The footwear industry has its ups and downs: you have to spring back like a rubber band.
The art of shoemaking literally runs in the blood of the Del Carratore family, who have stood at the helm of Calzaturificio Augusta, in the small village of San Lorenzo alle Corti, just outside Pisa, for ninety years. Theirs is one of the industry’s longest-standing companies in Italy.
In fact, the story of Augusta began even earlier than that: it is rooted in the 19th century, when humble craftsman Ranieri Del Carratore founded his workshop for wooden clogs. It was 1895 and there were still a few years to go before the business would be handed over to his son Giuseppe. Then, in 1927, Giuseppe transformed it into a more structured company, focusing predominantly on the production of rubber-soled boots (Pirelli rubber to be precise, the same used for car tyres) for the American market.
The shoemaker wasn’t yet called Augusta back then. Instead, it went by the name of Alaska, calling to mind cold climates and a hard life: what better place to wear those Italian boots that were so popular across the pond. But Alaska didn’t manufacture only rubber boots: it also made men’s and women’s shoes, including slippers. Giuseppe had the wonderful idea of making those slippers with fabrics that were so special and ornate that his customers even began wearing the slippers outside the home.
Then, in the ‘40s, the brand presented a small range of children’s shoes, acting on an idea dreamt up by Giuseppe’s wife, Desdemona. But the first real transformation came after the war, when the company began specialising in increasingly sophisticated processes and shifting towards more and more refined collections, later becoming predominately a women’s shoes manufacturer. It changed its name as a result, adding the name Augusta to the original Alaska, giving it an Italian feel.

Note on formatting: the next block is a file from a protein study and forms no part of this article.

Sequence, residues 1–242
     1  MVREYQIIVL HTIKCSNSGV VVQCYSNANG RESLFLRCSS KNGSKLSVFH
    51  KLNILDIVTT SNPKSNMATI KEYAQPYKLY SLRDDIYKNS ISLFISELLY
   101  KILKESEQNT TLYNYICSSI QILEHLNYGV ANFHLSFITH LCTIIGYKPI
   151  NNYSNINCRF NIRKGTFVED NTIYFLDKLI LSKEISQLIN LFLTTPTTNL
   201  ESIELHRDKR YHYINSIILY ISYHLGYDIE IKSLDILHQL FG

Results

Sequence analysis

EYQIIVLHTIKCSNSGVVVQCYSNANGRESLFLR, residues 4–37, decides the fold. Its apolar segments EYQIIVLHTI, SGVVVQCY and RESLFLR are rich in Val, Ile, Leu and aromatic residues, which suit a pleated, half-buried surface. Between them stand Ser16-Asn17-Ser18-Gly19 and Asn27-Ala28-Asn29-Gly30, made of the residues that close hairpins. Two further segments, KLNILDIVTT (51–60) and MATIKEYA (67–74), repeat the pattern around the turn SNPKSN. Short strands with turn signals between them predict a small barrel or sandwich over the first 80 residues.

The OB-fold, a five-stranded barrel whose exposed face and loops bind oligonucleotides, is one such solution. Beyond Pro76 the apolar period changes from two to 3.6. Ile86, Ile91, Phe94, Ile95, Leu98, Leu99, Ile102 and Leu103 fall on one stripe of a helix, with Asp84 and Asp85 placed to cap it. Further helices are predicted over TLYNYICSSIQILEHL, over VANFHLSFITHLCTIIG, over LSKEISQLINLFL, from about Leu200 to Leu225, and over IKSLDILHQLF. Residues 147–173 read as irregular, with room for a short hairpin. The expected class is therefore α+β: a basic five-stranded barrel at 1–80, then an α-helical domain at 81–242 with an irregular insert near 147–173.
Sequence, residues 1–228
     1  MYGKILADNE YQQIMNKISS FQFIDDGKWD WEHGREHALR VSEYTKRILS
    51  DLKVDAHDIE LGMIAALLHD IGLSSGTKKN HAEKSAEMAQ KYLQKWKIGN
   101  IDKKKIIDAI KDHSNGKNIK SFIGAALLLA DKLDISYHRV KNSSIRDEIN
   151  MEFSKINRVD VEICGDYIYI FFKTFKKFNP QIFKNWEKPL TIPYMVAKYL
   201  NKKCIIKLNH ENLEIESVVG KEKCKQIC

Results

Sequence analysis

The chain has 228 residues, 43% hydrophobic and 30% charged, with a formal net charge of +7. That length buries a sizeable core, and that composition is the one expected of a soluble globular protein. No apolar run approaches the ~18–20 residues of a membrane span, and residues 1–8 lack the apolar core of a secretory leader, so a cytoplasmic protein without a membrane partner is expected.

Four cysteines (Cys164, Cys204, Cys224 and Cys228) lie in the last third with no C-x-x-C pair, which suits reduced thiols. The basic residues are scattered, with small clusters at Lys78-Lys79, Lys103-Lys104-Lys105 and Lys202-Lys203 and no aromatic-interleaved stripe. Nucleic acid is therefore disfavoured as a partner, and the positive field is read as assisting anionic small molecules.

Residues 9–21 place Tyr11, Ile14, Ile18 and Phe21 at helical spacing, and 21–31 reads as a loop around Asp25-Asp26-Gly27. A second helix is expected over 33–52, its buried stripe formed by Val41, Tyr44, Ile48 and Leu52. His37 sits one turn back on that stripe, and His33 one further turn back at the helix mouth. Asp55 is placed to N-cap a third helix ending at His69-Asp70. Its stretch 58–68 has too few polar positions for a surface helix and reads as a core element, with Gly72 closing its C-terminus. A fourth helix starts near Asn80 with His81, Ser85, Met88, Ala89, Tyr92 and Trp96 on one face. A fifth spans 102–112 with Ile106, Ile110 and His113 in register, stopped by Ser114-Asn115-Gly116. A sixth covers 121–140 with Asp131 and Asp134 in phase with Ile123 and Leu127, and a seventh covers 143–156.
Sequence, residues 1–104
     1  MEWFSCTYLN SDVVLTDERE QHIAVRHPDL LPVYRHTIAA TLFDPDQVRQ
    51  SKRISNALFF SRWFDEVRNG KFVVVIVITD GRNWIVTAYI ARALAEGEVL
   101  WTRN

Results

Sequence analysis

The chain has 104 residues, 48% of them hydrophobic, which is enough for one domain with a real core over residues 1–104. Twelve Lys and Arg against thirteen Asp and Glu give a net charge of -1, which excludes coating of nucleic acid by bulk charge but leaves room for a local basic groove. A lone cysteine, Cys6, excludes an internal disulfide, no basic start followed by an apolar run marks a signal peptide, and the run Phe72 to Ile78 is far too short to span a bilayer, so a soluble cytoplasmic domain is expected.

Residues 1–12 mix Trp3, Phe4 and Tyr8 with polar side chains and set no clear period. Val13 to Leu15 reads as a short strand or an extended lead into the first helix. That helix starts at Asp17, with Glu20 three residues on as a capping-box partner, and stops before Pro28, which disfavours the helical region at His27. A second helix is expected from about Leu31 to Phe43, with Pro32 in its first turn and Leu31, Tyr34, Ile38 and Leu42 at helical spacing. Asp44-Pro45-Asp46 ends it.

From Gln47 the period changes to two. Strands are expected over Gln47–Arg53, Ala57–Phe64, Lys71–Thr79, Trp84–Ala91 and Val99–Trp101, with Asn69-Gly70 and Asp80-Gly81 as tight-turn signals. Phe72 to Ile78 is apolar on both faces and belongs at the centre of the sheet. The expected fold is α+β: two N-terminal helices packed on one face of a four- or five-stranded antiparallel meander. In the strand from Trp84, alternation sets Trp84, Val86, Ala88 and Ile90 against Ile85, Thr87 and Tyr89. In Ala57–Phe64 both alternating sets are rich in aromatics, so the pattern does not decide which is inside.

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The company enjoyed a period of prosperity in the 1970s, especially on the German market.
In 1978, Giuseppe placed a company with an already international vocation into the hands of his children. In his diary, he wrote: “I’m handing the helm of my shoemaking business Alaska-Augusta over to my children Ranieri, Osanna and Maria, who will be the owners of the company now called Calzaturificio Augusta.” And so, Alaska disappeared from the name, and the company’s reins were taken up by Ranieri Del Carratore, who shares his name with his grandfather who started it all.
In the early noughties, Ranieri was supported by his children Elena and Alessandro, who shared roles and responsibilities between them. “Alessandro dealt with the numbers and I took care of the creative side of things,” explained Elena.
After 2005, the company experienced a crisis; however, it made the most of this time to start working on something new.
“We’re not interested in selling a straightforward shoe. Instead, what matters to us is focusing on the superior, on emotion and that something you set about looking for when you want to give a loved one a gift. And that is why we try and attend trade fairs that deal with the total look, perfumes and lifestyle, rather than those in the sector.”
The company still lies exactly where it did when it first opened. It was renovated from top to bottom four years ago in terms of furnishings and logistics, and today it’s enjoying a new phase of revolution. “We were never interested in being contractors,” said Elena. Instead, Calzaturificio Augusta offers its know-how to the companies it collaborates with.
“We are approached by entrepreneurs and brands: some want to create their own range from scratch, while others already have a range but need support in the research stage or help optimising production.”
For now, Elena Del Carratore is starting to build the foundations for the short-term future of the family business: she has a degree in psychology, and is a researcher, manager and designer. In 2015 she launched her own brand, Adoro Te, produced entirely within Calzaturificio Augusta.
After debuting with a collection of baby shoes, in which each one tells its own little story, the brand began developing a range for women and one for men, specialising in bedroom slippers, handcrafted with all the care invested in making shoes for the outdoors and designed for people who refuse to forgo fashion even at home.
This closes the circle in a way: her great-grandfather Ranieri made clogs and her grandfather Giuseppe was nicknamed “the king of slippers”. His were so beautiful and well-made that the people who bought them even wore them outside.